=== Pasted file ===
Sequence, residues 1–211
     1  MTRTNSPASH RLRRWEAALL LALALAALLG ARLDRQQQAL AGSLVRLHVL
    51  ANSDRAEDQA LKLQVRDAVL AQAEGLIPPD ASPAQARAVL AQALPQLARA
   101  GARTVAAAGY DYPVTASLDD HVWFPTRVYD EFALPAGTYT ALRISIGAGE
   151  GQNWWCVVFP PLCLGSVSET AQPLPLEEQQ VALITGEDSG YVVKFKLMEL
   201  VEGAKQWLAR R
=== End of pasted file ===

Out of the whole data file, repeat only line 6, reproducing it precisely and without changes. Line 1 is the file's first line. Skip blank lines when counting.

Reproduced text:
   201  VEGAKQWLAR R